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red750
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There was a discussion in another thread, I can't find it now, about the word UP. Read the following.

 


 UP     

Read until  the end ...  you'll laugh.     
            
This two-letter word  in English has more meanings than any other  two-letter word, and that word is 'UP.'  It is listed in  the dictionary as an [adv.], [prep.], [adj.], [n]   or [v].          
  
It's easy to  understand UP, meaning toward the sky  or at the top of the list, but when we awaken in  the morning, why do we wake UP?          
  
 At a meeting, why  does a topic come UP?  Why do we speak  UP, and why are the  officers UP for election and why is  it UP to  the secretary to write UP a  report?  We call UP  our friends, brighten  UP a room, polish  UP  the silver, warm UP the leftovers and clean UP the kitchen.  We  lock UP the house and fix  UP the old  car.          

At other times, this  little word has real special meaning.   People stir UP trouble, line  UP for tickets, work  UP an appetite, and think UP excuses.          
             
To be dressed is one  thing but to be dressed UP  is special.          
             

And this  UP is confusing:  A  drain must be opened UP because it is stopped  UP.
  
 We open  UP a store in the morning  but we close it UP at night.  We seem  to be pretty mixed UP about UP!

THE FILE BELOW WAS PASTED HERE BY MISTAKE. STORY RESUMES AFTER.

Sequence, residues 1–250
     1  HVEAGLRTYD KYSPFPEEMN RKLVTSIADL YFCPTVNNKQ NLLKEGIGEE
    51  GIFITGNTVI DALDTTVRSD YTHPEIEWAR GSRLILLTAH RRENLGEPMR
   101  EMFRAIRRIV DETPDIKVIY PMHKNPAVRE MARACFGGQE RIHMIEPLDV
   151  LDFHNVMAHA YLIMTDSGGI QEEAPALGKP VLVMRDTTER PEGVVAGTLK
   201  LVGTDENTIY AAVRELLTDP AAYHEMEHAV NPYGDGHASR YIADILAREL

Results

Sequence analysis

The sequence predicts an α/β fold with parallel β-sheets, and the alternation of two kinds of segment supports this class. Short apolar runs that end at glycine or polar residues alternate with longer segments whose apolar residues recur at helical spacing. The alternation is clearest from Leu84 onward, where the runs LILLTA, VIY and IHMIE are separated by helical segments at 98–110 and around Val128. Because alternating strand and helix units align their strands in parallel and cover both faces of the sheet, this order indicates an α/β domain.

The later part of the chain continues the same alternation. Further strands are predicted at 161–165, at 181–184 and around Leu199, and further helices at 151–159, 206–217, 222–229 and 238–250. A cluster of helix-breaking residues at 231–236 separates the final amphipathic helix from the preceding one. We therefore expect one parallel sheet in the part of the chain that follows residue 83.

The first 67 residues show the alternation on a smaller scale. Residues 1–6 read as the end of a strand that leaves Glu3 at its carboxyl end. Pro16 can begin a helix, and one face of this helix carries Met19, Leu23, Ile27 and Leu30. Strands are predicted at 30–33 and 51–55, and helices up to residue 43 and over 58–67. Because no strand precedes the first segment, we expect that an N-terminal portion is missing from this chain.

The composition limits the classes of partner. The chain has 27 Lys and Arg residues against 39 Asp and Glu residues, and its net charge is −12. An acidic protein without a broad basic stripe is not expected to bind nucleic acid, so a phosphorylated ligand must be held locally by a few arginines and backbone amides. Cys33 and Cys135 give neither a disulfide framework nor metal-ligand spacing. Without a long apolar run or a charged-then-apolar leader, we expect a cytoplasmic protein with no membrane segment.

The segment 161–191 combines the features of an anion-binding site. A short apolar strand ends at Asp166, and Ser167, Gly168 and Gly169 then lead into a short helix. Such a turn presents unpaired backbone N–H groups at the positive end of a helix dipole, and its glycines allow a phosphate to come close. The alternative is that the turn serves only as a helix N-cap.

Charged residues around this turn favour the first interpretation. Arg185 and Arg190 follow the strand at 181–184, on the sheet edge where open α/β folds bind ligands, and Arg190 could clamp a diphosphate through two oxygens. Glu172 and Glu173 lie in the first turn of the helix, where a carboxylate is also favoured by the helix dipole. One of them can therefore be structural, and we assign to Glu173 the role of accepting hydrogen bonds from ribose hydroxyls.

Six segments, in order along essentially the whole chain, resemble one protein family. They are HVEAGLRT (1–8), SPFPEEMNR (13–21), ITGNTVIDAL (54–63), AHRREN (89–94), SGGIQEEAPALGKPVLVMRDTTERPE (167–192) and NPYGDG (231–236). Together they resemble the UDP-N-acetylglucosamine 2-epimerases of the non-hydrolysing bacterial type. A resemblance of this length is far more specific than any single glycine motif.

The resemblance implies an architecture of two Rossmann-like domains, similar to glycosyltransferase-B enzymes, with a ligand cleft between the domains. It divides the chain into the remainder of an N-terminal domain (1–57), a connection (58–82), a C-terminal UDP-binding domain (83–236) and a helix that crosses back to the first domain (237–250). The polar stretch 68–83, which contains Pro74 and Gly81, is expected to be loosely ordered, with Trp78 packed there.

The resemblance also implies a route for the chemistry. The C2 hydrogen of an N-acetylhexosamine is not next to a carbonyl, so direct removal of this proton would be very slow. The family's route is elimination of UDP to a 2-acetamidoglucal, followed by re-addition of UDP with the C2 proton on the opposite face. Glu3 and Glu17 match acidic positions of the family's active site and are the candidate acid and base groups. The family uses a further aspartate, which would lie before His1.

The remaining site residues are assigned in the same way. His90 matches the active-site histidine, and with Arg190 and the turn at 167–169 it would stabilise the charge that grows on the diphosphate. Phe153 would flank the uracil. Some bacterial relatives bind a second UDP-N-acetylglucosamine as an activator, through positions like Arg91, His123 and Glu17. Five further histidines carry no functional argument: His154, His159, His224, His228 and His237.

To be knowledgeable  about the proper uses of  UP, look UP the word UP in the dictionary.   In a desk-sized dictionary, it takes UP almost  1/4 of the page and can add UP to about  thirty  definitions.          
            
If you are  UP to it,  you might try building UP a list of the many ways UP is  used.  It will take UP a lot of your time, but  if you don't give UP, you may wind  UP with a hundred  or  more.          
          

When it threatens to  rain, we say it is clouding UP.  When the sun  comes out, we say it is clearing UP.  When it rains,  the earth soaks it UP.  When it  does not rain for awhile,  things dry  UP.  One could go on  and on, but I'll wrap it UP, for now . . . my time  is UP!         
  
Oh . . . one more  thing:  What is the first thing you do in  the morning and the last thing you do at  night?          
  

U    P  !          

Did that one crack  you UP?          
  
Don't screw  UP.  it's UP to you.         
  
 Now I'll shut  UP!

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What useful little word is "up".

 

It can be an adverb 

  1. towards a higher place or position.
    "he jumped up"
  2. at or to a higher level of intensity, volume, or activity.
    "she turned the volume up"
It can be a preposition
  1. from a lower to a higher point of (something).
    "she climbed up a flight of steps"
  2. along or further along (a street or road).
    "he lived up the road
It can be an adjective 
1. directed or moving towards a higher place or position.
"the up escalator"
2. at an end.
"his contract was up in three weeks"
It can be a noun
INFORMAL
a period of good fortune or positive mood.
"the ups and downs of Life"
It can be a verb
1. INFORMAL
do something unexpectedly.
"she upped and left him"
2. increase (a level or amount).
"capacity will be upped by 70 per cent next year"
 

You will notice that in each of the well-researched examples above from RED , except the pun, the word "up" followed a verb. This construct is called a "phrasal verb". Phrasal verbs are phrases that indicate actions, and consist of consist of a verb and a preposition, or an adverb.

 

I shall follow RED's advice:

 

11 hours ago, red750 said:

Now I'll shut  UP!

 

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